Weekly Top 3 Job Search Tips plus a Bonus Post!

March 19, 2010

This week’s job search tips coming from the scores of blogs and articles I read have the usual 3 but I’ve added a bonus post you need to see to make your weekend!
Here they are:
First up is Jacob Share’s Poll on job seeker’s use of social media in their search with Which Social Media Network Are You Using MOST in Your Job Search?
While the sample size is not huge, the trend is interesting. Here’s an excerpt:

These results are nothing short of a wake-up call for many job seekers.
The poll results and what they mean

Here are the official results of the poll:

Which social media network are you using MOST in your job search?

* LinkedIn (53%, 71 Votes)
* Not using social media on my job search (16%, 22 Votes)
* Facebook (13%, 17 Votes)
* Twitter (12%, 16 Votes)
* Other (6%, 8 Votes)

Started: February 14, 2010 @ 10:00 am
Total Voters: 134

53% LinkedIn

No surprise here.

From May 2009 to October 2009, LinkedIn grew by 10 million users for a total over over 50 million, only half of whom are in the US. Massively popular and geared towards professionals, LinkedIn is terrific as a virtual resume and networking platform (and that’s just in its most basic form). There are even recruiters who work from home, spending all their time sourcing candidates just from LinkedIn.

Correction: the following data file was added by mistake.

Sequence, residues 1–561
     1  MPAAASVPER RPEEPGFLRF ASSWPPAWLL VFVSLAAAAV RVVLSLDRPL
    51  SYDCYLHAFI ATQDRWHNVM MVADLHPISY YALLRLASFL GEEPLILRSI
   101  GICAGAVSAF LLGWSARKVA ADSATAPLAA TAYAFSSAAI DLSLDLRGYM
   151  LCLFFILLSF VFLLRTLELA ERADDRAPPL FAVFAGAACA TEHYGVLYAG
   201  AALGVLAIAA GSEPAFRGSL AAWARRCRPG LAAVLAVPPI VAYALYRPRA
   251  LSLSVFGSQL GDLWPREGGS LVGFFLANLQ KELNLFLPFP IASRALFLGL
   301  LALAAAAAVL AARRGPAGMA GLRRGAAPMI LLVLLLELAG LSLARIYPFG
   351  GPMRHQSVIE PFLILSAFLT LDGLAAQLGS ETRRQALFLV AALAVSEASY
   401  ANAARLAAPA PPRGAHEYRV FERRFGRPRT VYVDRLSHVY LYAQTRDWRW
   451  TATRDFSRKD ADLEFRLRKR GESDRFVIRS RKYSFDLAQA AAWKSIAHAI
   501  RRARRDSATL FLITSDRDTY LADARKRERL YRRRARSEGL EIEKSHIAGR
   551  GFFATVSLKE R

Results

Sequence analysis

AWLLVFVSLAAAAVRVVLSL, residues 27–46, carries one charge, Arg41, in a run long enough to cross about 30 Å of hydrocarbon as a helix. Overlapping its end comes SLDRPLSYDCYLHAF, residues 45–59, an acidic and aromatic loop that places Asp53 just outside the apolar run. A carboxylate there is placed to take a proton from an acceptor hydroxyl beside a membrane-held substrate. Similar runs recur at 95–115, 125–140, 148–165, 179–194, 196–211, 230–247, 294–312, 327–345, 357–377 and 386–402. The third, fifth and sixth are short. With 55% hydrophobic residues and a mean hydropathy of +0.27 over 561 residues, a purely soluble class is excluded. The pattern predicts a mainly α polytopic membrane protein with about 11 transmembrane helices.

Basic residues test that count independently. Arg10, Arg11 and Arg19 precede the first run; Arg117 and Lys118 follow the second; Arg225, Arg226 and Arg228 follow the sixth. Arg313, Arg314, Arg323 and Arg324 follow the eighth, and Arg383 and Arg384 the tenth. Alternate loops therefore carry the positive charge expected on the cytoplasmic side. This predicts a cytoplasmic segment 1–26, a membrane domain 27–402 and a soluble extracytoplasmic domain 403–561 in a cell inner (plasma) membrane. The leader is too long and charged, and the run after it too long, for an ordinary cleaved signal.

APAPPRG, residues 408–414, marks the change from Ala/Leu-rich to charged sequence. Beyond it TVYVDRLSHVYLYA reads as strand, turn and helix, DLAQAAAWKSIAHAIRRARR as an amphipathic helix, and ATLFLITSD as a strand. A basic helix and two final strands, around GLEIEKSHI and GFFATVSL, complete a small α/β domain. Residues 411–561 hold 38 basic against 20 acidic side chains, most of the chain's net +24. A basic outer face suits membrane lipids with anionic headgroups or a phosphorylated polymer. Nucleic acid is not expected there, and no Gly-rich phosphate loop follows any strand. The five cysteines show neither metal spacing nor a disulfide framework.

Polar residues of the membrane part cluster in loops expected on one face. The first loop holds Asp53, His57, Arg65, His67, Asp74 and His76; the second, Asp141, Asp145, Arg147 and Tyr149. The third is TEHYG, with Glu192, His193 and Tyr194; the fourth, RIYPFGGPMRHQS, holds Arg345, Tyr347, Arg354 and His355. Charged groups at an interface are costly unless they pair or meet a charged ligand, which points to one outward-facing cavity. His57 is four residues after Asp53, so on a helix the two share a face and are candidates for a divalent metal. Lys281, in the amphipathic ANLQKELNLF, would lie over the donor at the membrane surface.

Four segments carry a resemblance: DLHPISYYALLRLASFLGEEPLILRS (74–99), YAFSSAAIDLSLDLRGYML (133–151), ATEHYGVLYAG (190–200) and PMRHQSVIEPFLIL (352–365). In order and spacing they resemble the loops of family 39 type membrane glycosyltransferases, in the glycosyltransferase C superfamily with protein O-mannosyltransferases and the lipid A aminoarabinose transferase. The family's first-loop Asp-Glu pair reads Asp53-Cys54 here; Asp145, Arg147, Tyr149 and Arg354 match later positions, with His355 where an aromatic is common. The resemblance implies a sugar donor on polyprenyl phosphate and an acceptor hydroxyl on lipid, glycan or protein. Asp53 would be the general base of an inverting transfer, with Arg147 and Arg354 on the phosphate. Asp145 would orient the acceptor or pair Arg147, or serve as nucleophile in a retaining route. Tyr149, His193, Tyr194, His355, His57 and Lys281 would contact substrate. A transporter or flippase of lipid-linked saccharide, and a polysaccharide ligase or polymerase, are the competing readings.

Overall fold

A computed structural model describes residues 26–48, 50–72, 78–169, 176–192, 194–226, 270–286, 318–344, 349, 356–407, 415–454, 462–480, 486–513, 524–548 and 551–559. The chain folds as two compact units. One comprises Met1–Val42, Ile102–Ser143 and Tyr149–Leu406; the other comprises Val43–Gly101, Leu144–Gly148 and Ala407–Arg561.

True to this poll result, if you’re using any social network for job search, this is the one you should be using. For LinkedIn success, check out my LinkedIn archives or if you’d like something more structured, my friend Jason Alba penned a terrific book called I’m on Linked In, Now What???

16% Not using social media on my job search

Read more at: http://jobmob.co.il/blog/which-social-media-network-are-you-using-most-in-your-job-search-poll-results-and-analysis/#ixzz0ifYOcjEQ

Read here for the full article.

Next is Jason Alba’s post WRONG QUESTION: “Do you know a recruiter who specializes in….”

Here’s an excerpt:
Here’s one of my biggest job search pet peeves: asking for a recruiter who specializes in a particular industry or location.

Perhaps you’ve gotten emails like this: